Ageing Rock Star Colin Boyd (has a story to tell)
Martin Cropper

Dartmoor Gliding News - Saturday 19th October 2013

Right from the start, the weather made this a non flying day. Strong winds, rain, very low cloudbase. Delightful.

This was as good as the weather became
 This didn’t stop CFI Don Puttock. He organised a morning of lectures with our trainees followed by an afternoon of clearing and burning waste.

Junior member Andrew showing off his new cable spicing skills.
Meanwhile David Bourchier assisted John Bolt with the work on the “new” K7M G-DCLT which is making great progress. Rick Wiles continued with the GusLaunch winch engine installation.

Later in the afternoon, the committee held a meeting in the clubhouse.

I hope the weather improves soon.


Dartmoor Gliding News –Wednesday 16th October 2013

Today it seemed like a small group of 'believers' had their faith in the met office rewarded because - exactly as forecast - the torrential rain cleared through at 1100 hours to be replaced by sunshine and hints of cumulus developing. But (again as per forecast) the wind became westerly, increasing in strength all the while, so we had to get the show on the road quickly - and very carefully.

K13 G-DDMX ready to tow out
After a briefing attended by everyone on ground handling and parking of gliders, a handful of pilots manoeuvred K13 DMX to the east end launch point for some dual flying, but the wind strength and gustiness continued to increase to such an extent that we soon swallowed our pride and knocked flying on the head for the day.

It was so windy that we inserted some additional weight before towing back to the hangar.
In this case we used Adrian
With John Howe in the winch, today's score was just two launches and one cable break (a pulled joint from an old repair). From my back seat perspective, conditions were challenging but manageable, and I was pleased that Steve Raine, the only pilot to venture into the front seat, entered into the spirit of the occasion, broke through the 'sheer terror' barrier and actually admitted to having enjoyed himself.

Reflecting on the day,  a downwind dash to the ridge would certainly have been achievable. But with the wind showing every sign of increasing from 'character-building' to 'gale force', I am sure we made the right decision.

Needless to say our one day course and all trial lessons were cancelled, but we were pleased to welcome one new face in the form of John Pike, elder son of our newest full member, Adrian.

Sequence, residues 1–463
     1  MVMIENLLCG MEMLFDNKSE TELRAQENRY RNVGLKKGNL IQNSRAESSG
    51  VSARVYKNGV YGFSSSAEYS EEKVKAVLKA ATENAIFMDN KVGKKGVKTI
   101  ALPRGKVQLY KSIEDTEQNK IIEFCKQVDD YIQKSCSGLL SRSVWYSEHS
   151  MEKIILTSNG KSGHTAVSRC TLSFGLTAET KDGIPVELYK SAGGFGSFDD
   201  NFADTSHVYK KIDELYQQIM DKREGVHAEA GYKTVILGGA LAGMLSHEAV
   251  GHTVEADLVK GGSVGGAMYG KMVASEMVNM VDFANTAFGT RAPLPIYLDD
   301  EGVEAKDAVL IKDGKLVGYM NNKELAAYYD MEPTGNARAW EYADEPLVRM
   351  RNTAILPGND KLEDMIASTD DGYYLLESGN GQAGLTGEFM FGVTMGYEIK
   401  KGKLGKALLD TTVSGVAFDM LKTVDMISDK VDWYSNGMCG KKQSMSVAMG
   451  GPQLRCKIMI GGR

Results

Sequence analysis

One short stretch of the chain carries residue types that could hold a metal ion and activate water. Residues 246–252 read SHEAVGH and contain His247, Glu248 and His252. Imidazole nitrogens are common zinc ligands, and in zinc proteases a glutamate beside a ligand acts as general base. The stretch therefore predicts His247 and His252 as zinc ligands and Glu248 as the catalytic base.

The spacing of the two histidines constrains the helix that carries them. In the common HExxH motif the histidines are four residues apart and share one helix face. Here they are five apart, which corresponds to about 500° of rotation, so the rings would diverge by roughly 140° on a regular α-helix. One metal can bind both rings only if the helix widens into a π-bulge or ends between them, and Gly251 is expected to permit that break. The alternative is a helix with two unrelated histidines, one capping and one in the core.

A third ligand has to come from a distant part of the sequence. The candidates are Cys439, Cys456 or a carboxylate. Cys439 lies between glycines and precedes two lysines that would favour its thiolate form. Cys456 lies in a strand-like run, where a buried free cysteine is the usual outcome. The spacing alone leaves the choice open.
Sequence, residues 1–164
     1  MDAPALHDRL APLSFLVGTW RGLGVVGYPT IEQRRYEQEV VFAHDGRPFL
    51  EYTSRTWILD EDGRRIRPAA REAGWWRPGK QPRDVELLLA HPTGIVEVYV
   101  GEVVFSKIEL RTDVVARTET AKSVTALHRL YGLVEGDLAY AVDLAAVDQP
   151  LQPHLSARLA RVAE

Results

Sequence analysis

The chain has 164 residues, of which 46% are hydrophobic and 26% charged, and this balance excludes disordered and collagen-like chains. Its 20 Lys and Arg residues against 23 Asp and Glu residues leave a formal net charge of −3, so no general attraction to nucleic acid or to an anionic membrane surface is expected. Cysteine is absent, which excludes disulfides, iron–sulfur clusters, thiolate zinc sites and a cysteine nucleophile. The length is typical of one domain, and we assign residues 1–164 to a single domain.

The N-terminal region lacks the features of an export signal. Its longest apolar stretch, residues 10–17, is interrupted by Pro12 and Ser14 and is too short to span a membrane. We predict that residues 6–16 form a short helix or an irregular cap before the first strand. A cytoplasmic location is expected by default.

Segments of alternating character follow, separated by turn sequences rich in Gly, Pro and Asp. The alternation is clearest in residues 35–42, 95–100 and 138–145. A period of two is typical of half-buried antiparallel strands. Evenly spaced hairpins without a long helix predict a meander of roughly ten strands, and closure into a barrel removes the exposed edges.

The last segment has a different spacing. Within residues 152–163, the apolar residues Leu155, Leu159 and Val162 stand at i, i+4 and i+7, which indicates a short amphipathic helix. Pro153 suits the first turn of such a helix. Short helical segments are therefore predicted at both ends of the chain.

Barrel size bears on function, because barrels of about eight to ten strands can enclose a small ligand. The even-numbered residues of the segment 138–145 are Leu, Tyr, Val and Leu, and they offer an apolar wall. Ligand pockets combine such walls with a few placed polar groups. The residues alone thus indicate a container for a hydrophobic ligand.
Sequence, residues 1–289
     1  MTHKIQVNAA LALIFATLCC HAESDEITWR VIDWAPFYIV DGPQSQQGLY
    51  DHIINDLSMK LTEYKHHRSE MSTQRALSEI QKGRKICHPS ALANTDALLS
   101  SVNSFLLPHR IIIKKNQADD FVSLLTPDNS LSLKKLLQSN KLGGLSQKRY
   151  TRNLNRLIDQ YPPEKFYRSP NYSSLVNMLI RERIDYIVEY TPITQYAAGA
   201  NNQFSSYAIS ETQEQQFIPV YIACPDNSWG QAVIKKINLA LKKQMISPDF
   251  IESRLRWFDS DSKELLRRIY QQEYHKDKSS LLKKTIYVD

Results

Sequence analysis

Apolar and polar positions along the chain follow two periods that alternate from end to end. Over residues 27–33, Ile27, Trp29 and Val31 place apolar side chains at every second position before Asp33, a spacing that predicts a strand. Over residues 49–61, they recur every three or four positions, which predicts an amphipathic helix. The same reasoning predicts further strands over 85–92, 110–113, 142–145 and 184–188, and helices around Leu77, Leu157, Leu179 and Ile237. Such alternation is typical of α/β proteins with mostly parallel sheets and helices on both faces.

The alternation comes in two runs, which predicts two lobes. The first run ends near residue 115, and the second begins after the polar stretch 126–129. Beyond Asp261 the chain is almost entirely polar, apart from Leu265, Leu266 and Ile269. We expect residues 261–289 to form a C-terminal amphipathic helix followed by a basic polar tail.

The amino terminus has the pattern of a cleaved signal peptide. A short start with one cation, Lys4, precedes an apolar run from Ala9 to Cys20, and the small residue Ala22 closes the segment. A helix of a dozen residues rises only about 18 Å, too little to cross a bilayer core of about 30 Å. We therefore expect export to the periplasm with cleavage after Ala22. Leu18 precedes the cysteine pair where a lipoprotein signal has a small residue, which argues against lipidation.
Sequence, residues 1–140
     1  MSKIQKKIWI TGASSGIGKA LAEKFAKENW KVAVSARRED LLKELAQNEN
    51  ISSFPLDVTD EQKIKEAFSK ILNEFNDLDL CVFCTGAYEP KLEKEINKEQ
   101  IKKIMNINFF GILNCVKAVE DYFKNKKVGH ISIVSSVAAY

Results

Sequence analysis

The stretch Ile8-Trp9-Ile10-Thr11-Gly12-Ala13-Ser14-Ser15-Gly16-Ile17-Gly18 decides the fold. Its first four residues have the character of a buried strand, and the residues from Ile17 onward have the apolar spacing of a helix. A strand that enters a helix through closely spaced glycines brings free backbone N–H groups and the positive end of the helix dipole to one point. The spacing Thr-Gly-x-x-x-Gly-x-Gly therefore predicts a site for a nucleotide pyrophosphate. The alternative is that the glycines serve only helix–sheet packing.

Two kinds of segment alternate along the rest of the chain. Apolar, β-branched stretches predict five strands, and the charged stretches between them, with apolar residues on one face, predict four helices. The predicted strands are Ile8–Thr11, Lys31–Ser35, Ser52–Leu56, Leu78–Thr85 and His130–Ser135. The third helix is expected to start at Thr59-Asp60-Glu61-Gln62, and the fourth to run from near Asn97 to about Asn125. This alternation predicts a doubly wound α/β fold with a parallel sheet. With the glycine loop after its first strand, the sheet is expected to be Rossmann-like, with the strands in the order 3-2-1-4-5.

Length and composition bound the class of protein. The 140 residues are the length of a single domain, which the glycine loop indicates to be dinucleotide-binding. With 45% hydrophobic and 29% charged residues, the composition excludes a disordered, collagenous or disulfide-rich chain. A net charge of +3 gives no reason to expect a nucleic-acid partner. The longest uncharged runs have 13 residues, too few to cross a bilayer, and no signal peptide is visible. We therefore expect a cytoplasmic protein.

SZD Pirat derigged and waiting 
Back at base it was another busy day, with John Bolt and Dave Bourchier continuing their work towards commissioning  K7M G-DCLT..  Meanwhile the rest of us unpacked the hangar, de-rigged the Pirat ready for C of A, and then trailered various airframes awaiting renovation to barn space kindly provided by our friendly neighbour, Mike Stacey

Real team work. Everyone took part in clearing the hangar.
This is K7M G-DBVB on it's way to temporary storage
Bob Pirie

Dartmoor Gliding News - Sunday 13th October 2013

Low cloud provided the curtain raiser today, and closer, together with the much heralded rain which fortunately held off until 4pm.  With aforesaid low cloud and mist lying in the valleys, plus the need to change ends, it was a late-ish start, but there was no lack of enthusiasm as Tony Dean and Dan Leek provided the training impetus, whilst Jerry Wellington and myself vied for Flight of the Day in the club K-8 (he won…dammit!) 

Principal accolade went to Tony Dean who, after joining the club less than 9 months ago, undertook the Briefings and Practical Flight Tests to successfully complete his Bronze C – well done! 

Well done also to Darren Wills for re-soloing in the K-13.  Dan Leek, who has re-joined the club after an absence since June, also cracked on with his training programme, managing 5 flights before cloud once again enveloped the airfield and precipitation was ‘within sight’. 

Thanks go – well to everyone for their team spirit - but especially to Dave Parker for ‘nailing’ the speed on some super launches to 1,300ft.

Martin Cropper

Dartmoor Gliding News – Saturday 12th October 2013

The day started with low cloud, rain and drizzle, and a strong, gusty northerly wind. Lesser pilots might well have given up at this point. In fact, someone had already go the woodburner going. But CFI Don Puttock is made of stronger stuff. With his natural desire to fly and, egged on by our new gang of youngsters, the gliders were got out and prepared for the day.

Our gang of three,  Andrew, Saif and Peter. 
By midday the weather had improved enough for a start to be made even though there was still some drizzle in the air. The day rapidly improved, the wind calmed down while swinging around to the east, blue sky and sunny patches. Astonishing. By 2pm the weather had improved so much that I was able to take returning temporary member Kevin Yates on a 21 minute soaring flight in the first of the day’s thermals.

Kevin Yates ready to go soaring.
A possible wave induced cloud  in the evening sky
 The day remained soarable with an interesting mix of weak wave and some thermals. Best flight of the day was Matt Wiles who flew for 48 minutes in the K8, only returning to protect the remnants of his student budget. We finally stopped flying with the sun setting at around 6:30 and had just enough time to repack the hangar before dark.

A great photo of the launch point taken by Matt Wiles in the K8